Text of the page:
Across the channel, the reaction to the PM’s statements at Lancaster House and at Davos has been, unsurprisingly, more mixed. Sticking to their usual position, both the Council and Commission were at pains to remind anyone who will listen that nothing has changed fundamentally. There can still be no negotiations until Article 50 is triggered. But those who have responded have tentatively welcomed the PM’s clarity on single market and customs union whilst questioning her intentions.
It is on customs union – where the PM declared that the UK would be outside but with a bespoke, associate status of some kind – that there has been plenty of commentary that this is just more of her attempt to have her cake and eat it.
May’s desire to position the UK as a great, global trading nation, leading the way and forging bold new relationships with partners across the globe, means there is no choice other than to be outside of the customs union. Bilateral free trade agreements belong only to those outside of it. But May is clear that a huge proportion of UK trade comes in and out of the EU, and that any deal that doesn’t offer smooth, easy flow of goods in both directions will be damaging to UK businesses. So naturally she wants to secure an arrangement which delivers very little change. Suddenly this feels rather like a new battle-front.
And the criticism hasn’t just come from the usual quarters. Traditional UK allies – like the Netherlands and the Czech Republic – haven’t minced their words either: ‘The UK will pay a huge price for Brexit’, ‘Brexit must be inferior to membership’, ‘there can be no cherry-picking here’. This is a further reminder that the UK won’t be able to rely on the alliances we have depended on during our EU membership when it comes to the Brexit negotiations.
No member state can afford to let Brexit look easy or smooth, especially not those states who have increasingly vocal Eurosceptic movements at home. (The Dutch election is rife with calls for ‘Nexit’ to follow Brexit. Unlikely given the way Dutch coalitions are formed, but having a real impact on the rhetoric during the election all the same).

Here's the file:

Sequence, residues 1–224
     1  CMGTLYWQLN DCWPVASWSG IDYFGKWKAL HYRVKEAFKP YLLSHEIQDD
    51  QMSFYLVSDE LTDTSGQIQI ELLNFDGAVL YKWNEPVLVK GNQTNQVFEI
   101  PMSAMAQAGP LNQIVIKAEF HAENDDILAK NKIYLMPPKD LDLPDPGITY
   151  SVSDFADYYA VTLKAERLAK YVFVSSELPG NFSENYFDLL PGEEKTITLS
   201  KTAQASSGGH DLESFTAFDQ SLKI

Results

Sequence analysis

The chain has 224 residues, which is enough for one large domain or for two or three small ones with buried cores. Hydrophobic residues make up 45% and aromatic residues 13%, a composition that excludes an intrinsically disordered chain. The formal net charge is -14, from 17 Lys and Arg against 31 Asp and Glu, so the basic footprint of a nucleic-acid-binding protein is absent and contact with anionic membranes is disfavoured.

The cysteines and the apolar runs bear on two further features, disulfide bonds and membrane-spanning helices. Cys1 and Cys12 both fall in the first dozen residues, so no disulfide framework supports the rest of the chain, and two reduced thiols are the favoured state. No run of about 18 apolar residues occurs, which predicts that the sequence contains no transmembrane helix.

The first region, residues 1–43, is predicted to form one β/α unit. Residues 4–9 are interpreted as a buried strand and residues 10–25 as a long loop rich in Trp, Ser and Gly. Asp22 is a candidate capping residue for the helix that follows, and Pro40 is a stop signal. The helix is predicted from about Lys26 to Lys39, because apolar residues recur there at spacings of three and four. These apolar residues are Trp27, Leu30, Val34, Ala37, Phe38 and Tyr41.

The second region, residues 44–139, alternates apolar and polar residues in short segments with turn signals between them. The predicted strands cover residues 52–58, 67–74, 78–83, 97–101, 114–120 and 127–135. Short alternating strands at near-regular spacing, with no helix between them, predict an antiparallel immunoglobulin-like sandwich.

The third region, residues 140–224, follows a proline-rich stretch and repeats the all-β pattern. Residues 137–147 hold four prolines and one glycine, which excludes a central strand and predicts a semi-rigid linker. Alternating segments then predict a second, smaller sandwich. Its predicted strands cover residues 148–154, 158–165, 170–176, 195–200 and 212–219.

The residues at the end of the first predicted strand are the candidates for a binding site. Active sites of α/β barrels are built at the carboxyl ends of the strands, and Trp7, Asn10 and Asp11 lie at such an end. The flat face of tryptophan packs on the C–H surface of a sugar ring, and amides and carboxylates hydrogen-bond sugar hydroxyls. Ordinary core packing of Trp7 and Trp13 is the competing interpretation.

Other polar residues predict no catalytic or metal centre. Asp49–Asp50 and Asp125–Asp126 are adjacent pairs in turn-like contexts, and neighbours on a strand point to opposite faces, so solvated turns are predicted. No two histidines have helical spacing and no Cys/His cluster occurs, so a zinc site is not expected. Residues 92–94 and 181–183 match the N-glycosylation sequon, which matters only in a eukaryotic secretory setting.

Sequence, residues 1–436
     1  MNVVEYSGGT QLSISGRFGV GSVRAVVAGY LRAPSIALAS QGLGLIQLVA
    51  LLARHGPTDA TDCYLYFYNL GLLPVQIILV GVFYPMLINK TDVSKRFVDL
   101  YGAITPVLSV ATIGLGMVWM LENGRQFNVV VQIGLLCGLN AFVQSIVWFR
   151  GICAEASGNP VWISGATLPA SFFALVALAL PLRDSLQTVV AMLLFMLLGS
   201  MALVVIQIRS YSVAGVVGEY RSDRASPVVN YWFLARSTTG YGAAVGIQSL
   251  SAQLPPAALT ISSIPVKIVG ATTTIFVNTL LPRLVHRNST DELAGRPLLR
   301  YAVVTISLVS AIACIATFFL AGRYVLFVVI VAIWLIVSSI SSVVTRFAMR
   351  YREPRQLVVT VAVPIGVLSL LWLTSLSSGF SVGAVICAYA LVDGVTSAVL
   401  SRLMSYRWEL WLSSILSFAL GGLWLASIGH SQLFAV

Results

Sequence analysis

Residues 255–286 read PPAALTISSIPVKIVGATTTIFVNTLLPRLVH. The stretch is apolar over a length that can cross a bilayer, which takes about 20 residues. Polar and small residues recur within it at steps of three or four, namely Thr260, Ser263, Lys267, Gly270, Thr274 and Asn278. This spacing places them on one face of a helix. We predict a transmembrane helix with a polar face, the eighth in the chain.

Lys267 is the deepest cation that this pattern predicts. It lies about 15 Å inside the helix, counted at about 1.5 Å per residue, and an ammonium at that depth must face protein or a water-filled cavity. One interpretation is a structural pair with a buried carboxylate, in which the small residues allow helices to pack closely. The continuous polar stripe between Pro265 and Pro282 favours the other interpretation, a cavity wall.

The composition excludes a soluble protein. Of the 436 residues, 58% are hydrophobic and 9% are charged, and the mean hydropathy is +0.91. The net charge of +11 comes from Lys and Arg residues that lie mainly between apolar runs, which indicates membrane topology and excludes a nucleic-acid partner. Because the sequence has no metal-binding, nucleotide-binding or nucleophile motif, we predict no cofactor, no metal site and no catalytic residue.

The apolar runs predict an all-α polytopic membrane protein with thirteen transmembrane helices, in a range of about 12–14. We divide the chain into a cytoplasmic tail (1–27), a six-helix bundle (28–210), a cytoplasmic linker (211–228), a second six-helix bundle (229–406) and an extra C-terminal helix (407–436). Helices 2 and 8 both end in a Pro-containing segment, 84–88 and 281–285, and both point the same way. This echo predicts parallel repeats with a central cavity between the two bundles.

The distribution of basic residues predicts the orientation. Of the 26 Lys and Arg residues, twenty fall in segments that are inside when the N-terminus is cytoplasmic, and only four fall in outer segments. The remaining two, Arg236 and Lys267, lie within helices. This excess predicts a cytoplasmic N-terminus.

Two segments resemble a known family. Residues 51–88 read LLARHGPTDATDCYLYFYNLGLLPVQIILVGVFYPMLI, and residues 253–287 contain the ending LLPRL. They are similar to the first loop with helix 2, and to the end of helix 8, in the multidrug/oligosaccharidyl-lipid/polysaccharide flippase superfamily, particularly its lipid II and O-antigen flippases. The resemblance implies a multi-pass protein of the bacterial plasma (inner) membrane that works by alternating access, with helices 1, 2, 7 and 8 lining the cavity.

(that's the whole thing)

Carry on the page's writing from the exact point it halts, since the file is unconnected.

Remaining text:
In the European Parliament, one of the trickiest customers the UK will have to deal with in this negotiation and those with the final say over ratifying any deal reached, Verhofstadt led the way with his commentary. He says the days of the UK taking Europe a la carte are over. This reflects a long held frustration by many EU insiders that during its membership of the EU Britain picked and chose what it wanted (outside the Euro, outside Schengen, outside many of the judicial cooperation instruments, rebate on budgetary contributions etc). Those insiders see May’s stance now as an extension of that same attitude: simply moving outside the Union whilst trying to opt back in to the best bits.
In her Lancaster House speech, May’s opening remarks went some way towards reaching out to European partners. She reminded them that the UK vote on 23 June was not a rejection of shared European values; that taking back parliamentary control in the UK did not mean that European countries weren’t vibrant democracies in their own right and reiterated the line that the UK is leaving the EU, not leaving Europe.
But she ended the speech with a pretty serious shot across the bows: that a bad deal worse than no deal, and the UK would be prepared to walk away, leaving behind something that was no good for Europe.
Tough talk, clear goals, but still lots and lots to be worked out.
Measurement and evaluation